• What skills you have/roles you need filled. Say you know how to code, but need art assets, or vice versa. This is where you describe what kind of skills you have and need so others can apply to be a part of your team. Include stuff you know how to do, kind of know how to do, and are willing to learn.  Also include engines or programs (for any use, be it art, music, game dev, animation, etc) and languages you are familiar with or specifically require.
  • Preferred method of contact. Communication is one of the most important things in a team, so having a clearly established method of correspondence in your post is essential. We suggest creating a group discord server for ease of organization, but do whatever works best for you. 
  • Other stuff! Anything else you need to let others know, or anything you'd like to say! If you need ideas, consider communication styles, schedules, non-game goals, level of polish, etc.

Looking to join a team? Reply to a pitch!

Below each post, there is a small reply button that looks like this.

If you see a pitch that interests you, hit reply and follow up with your skillsets, maybe a portfolio, programs and tools you're familiar with, and contact information. It's that simple!

Team Tips & Tricks

  • Communication is key! If you have concerns, frustrations, stress, other commitments, it is your responsibility to inform your team so they can help resolve the issue or accommodate. Most of these tips can be simplified down to good communication.
  • Can't do your part? Tell your team. If you have real life obligations, let your team members know so they can either lessen your work load or find someone else to help out.
  • Stay focused! Working together can be fun, but make sure you get things done! This is especially tricky for teams who know eachother well; sometimes the camaraderie can be a distraction.
  • Set clear, manageable goals. This helps everyone stay on the same page and facilitates productivity.
  • Dealing with stress/illness? If you have a history of health problems, whether it is physical or mental, please be up front about it. No one will blame you for needing to take it easy!
  • Use productivity apps/file sharing sites! There's a plethora of resources for effective team/file management. Google Drive, Dropbox, Slack, and Trello are just a few of them. A list will soon be added here for anyone who wants to give them a whirl.
  • Again: file sharing. Mentioned in the point above, but important enough to warrant its own point. Using a file sharing service like Dropbox of Google Drive enables everyone to work on the same things at the same time as well as allow real-time updates. An artist can stick assets into a shared folder, thus allowing the programmer to instantly access it.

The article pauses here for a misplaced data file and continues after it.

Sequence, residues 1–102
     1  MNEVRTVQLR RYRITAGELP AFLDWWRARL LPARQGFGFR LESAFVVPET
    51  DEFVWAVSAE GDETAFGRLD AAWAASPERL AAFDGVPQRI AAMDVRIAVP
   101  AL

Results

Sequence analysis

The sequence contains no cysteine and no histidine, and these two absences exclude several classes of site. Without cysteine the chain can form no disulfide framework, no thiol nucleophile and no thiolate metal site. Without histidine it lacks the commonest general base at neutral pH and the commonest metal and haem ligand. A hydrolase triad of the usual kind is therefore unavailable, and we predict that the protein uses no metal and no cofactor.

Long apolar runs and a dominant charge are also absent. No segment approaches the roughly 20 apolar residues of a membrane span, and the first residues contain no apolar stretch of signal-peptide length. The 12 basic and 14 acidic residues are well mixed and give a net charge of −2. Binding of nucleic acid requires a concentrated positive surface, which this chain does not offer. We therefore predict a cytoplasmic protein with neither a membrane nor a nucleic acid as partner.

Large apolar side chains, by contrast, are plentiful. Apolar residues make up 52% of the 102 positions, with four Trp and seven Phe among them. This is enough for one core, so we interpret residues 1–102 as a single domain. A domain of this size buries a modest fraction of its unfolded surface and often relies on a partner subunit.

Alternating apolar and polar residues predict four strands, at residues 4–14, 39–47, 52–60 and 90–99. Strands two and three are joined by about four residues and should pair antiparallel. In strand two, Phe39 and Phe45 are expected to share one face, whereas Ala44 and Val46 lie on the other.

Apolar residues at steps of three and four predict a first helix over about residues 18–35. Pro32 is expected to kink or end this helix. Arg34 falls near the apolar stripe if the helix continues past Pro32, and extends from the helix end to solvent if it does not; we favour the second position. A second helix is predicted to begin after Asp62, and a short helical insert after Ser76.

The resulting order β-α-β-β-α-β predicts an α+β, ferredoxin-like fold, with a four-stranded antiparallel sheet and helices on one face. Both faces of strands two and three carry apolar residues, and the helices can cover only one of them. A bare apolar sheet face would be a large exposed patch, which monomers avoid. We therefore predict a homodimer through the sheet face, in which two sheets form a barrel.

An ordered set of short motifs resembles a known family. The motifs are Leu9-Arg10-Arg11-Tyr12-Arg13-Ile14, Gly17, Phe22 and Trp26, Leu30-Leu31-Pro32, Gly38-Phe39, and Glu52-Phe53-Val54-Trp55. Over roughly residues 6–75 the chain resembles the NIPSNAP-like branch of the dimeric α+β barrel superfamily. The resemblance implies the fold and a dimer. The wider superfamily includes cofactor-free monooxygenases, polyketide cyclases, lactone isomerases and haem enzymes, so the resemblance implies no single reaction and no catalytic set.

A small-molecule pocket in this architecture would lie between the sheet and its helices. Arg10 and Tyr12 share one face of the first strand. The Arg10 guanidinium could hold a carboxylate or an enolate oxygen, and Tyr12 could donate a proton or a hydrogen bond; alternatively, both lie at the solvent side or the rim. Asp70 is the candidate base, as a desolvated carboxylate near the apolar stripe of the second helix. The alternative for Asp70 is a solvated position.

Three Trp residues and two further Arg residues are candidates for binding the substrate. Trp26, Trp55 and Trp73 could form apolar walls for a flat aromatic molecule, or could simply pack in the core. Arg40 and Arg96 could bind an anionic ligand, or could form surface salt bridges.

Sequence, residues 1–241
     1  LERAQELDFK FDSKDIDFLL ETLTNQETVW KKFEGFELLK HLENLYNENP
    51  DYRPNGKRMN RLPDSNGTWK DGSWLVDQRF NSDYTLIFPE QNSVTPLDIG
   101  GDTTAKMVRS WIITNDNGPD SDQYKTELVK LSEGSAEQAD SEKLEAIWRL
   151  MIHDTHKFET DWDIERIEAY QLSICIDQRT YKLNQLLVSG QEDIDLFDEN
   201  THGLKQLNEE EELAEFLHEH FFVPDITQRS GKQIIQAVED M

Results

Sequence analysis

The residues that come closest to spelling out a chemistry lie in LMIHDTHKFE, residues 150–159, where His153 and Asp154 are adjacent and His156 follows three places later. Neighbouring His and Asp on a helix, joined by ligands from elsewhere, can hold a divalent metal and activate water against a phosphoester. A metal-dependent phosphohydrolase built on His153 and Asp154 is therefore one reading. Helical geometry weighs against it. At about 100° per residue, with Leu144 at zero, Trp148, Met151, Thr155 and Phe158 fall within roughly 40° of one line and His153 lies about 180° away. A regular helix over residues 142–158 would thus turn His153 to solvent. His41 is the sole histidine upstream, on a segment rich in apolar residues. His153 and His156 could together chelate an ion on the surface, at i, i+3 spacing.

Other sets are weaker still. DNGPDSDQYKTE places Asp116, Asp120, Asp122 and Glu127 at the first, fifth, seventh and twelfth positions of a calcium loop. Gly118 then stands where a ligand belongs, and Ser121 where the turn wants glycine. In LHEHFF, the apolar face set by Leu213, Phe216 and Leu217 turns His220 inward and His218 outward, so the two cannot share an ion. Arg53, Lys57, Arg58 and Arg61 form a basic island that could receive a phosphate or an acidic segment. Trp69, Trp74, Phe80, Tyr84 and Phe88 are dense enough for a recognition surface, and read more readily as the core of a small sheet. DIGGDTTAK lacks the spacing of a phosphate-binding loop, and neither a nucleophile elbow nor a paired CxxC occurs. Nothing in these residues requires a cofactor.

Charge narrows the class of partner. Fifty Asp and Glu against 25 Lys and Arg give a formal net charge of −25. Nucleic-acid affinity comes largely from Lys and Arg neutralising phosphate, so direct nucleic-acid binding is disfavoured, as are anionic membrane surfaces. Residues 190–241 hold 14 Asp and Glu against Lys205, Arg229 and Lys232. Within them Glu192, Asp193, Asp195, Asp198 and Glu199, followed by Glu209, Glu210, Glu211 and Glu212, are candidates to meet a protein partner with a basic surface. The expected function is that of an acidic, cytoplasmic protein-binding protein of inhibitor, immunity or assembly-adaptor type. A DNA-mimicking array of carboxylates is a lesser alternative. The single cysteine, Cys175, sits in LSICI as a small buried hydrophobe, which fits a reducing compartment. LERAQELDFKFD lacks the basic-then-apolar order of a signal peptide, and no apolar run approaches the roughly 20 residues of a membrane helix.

• Frustrated with your group? Nothing is perfect. Even with people you get along with, you're bound to have conflict. Keep a cool head and remember: even terrible game jam experiences have value. Be willing to carry on and don't give up!

Behavior & Conduct in Teams

Not every jam experience is a positive one, but we, the hosts, cannot micromanage teams or team discords except in cases of emergency. What happens in your group's discord chat is ultimately your responsibility, but if a team member breaks MFGJ's code of conduct, please let us know so we can deal with it accordingly. Remember: Discrimination or harassment based on a jammer’s prior experience, age, gender, race, religion, ability, or sexuality will not be tolerated and will result in an instant ban from both the official discord and the jam itself.

Welcome to My First Game Jam: Summer 2023! For those of you just joining us, it's been a tradition to kick things off with a little getting-to-know-you questionnaire! For the first-time game developer, things can be pretty intimidating... which is why we want to show you you're not alone! This is not a required activity— it's just meant as a way to break into the community for returning jammers and newbies alike.

We'd love for you to share your influences, passions, and jam goals with the rest of us. Who knows — you might meet a potential team member, or even a new friend!

(These questions are entirely optional; they're just here to warm things up, so feel free to skip them as needed!)

Onto the questions!

1. Hi there! What's your name? Want to introduce yourself? 

2. Did you participate in the last jam we held? If so, what do you plan on doing better this time? If not, what's your reason for joining?  

3. What games are your favorites? Did any of them inspire you, or made you want to make your own?  

4. Do you have experience with game development? What did you do/with what engine?  

5. Tell us about something you're passionate about!  6. What are your goals for this game jam?

For returning jammers:

7. Any advice to new participants?   

8. What can the admins do to improve your jam experience?   

9. What are some of the past works you've made for the jam? Show off your favorites!   

10. Got any question suggestions? Let us know for next year!

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Getting Started!

Hello everyone and welcome to our Summer 2023 edition of My First Game Jam! For the uninitiated, this game jam is designed for beginner game developers to try their hand at making something new, or for experienced developers to practice new skills and experiment. If you'd like to take a look at past jams, check out this link!

Here's a few tips and links to help you get the most out of the jam. If we didn't cover something in this guide, try our FAQ or message us on tumblr or twitter.  Additionally,  familiarize yourself with our community's Code of Conduct. Remember, this jam is meant to be a safe space for everyone. 

We highly suggest you go over this post thoroughly.

Check out our resources!

We've compiled tons and tons of lists and threads for you guys in order to help you out on your jam journey. These lists are not comprehensive but they're here to get you started if you don't know where to go.